"Doom (and GZDoom) have been firmly cemented as the modder's port of choice when it comes to changing the way Doom looks and plays."
In 2004, its proponents showed off just what the engine was capable of with the ZDoom Community Map Project "Take 1", a single map with more than a dozen pairs of hands on it. Times have changed, though, and so has ZDoom, so it only stands to reason that it needs a brand new community map to show just what the port is now capable of - ZDCMP: Take 2. Essentially released in 2013 after cooking in the Realm667 crock pot for a year or so, you can play it in either ZDoom or GZDoom. You'll want to track down the most recent rev of either, though.
The story, well, you get it in humorous PDAs a la Doom 3 and in personal logs made yourself, both of which must have keys assigned to access them (found at the very top of the Customize Controls menu). To make a long story short, those idiots at the UAC have been trying to communicate with the demons. Why, when all they seem to do is hate life and want to bring death and suffering? Who knows. Anyway, it seems they finally cracked the code and sent a message to the entity that marshals Hell's forces. Base is overrun by monsters, they're using UAC technology to keep the Hell gate open, you're the only one that can stop them, blah blah blah. Time to kick some demon ass!
ZDCMP2 is a beast, only fitting for a single map that's had a bunch of people working on it. You'll be playing for a solid two-plus hours, maybe straying over into three if you're dead set on finding all the secrets without any aid. Most of them are pretty obvious, but if you're having trouble, there's a console command you can use that prints out a list of secret hints (instructions more like it) and differentiates between the ones you have and haven't found. A bit of that time might be running around while you try to wrap your head around the intricate level design and sheer size; there's a fair bit of exploring to do once you make it to your first real branch. Heck, I got so wrapped up in a mini-boss fight that I forgot to go and revisit the Research Annex my first go around. Embarrassing when you're stalking all over Hell for the blue skull. There are a bunch of signs to help direct you to the distinct sections along with automap objective markers, so you're not too bad off.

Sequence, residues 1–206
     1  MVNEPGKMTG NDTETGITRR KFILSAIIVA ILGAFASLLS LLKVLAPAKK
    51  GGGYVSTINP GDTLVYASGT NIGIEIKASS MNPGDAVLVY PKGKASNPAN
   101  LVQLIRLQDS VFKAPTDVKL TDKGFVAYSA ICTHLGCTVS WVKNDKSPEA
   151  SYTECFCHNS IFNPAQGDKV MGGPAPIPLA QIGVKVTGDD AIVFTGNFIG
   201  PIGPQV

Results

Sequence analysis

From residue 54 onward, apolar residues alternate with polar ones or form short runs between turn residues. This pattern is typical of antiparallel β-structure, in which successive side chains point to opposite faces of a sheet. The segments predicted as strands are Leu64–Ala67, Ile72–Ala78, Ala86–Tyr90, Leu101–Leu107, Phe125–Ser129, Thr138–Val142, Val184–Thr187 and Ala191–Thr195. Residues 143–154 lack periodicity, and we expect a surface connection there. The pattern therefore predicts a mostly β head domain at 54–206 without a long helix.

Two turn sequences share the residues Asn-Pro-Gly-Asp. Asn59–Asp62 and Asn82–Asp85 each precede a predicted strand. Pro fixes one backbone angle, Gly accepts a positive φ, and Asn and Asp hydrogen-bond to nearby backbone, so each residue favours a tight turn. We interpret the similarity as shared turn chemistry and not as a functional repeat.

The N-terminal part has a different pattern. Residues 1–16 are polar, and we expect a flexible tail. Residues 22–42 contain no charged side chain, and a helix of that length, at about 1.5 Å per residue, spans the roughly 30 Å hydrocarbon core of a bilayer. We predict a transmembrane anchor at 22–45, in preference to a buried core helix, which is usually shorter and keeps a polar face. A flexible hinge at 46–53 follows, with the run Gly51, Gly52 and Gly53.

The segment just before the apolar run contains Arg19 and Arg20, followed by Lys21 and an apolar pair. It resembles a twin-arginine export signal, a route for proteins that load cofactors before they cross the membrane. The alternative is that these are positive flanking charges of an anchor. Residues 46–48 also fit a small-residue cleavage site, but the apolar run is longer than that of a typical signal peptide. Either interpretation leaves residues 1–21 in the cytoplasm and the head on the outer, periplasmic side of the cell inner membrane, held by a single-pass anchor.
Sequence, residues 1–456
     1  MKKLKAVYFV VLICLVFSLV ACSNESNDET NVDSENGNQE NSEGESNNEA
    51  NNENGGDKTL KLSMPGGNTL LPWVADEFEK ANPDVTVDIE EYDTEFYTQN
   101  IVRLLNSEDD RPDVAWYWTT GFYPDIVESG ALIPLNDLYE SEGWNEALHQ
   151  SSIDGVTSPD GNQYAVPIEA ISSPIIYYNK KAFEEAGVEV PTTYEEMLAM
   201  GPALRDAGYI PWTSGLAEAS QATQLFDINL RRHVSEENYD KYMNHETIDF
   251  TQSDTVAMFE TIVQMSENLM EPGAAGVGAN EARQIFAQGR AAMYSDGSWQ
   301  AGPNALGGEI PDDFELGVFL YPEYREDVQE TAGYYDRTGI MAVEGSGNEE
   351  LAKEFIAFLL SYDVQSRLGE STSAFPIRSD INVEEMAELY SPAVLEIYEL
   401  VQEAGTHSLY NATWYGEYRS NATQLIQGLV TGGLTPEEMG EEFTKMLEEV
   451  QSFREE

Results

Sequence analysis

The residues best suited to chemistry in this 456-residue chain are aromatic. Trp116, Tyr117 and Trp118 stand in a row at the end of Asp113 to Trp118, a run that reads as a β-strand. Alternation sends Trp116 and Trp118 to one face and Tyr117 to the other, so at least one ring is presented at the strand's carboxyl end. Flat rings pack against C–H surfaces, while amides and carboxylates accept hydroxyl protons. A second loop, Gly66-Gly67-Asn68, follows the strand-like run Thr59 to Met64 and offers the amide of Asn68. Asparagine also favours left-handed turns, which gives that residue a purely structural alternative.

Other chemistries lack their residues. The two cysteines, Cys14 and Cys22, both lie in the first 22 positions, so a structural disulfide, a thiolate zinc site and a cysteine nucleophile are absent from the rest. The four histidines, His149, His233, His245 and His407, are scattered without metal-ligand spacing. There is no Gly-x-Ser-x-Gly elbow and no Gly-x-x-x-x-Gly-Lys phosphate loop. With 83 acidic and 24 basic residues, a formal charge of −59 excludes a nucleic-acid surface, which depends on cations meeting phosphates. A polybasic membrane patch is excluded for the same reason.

Speaking of which, the progression of themes is tried and true, from (tropical) techbase to infested research lab to Hell itself. The base is by far the most complex of the sections, with lots of little side-bits like the Watch Tower color-code puzzle and the computer simulation. You'll have most of your weapons squirreled away before you break on through to the eastern section of the base, whose main draws are a network of spooky caverns and the aforementioned Research Annex, which is entirely optional, supposing you don't mind missing out on one of the most powerful weapons in the game. Hell plays like a normal map all its own, though those blood tunnels might not be... usual. It's one big projectile-heavy clusterfuck, a fact you'll quickly realize in the first main chamber, with the shadows all around you and four vores up top.
Yeah, ZDCMP2 has a bunch of custom monsters, though everyone from Doom II makes a show. The soul harvester is a revenant-lite whose attacks are hard to avoid without just ducking a corner, which kind of slows the action of the WAD down, along with big brother vore from Quake. Fleshspawn usually show up in packs; they're kind of like lost souls except they spit fireballs and are more fragile. The venerable Hell warrior shows up to soak up your ammo with his shield and fast-moving durable shadows mostly supplant the imp by the time you reach Hell. Cybruisers appear on occasion, in one case doing some spectacular infighting. The grells look sharp and their poison breath will sneak up on you. You'll see a few powerful bruiser demons, always in pairs with the last showing being fairly annoying to fight. The other major mini-boss is the angel of death, on loan from DoomX, whose normal gunfire ricochets and grenades explode into blossoming shrapnel. Oh, and I guess there's a rapid-fire trooper with a rifle, plus some flimsy scientists.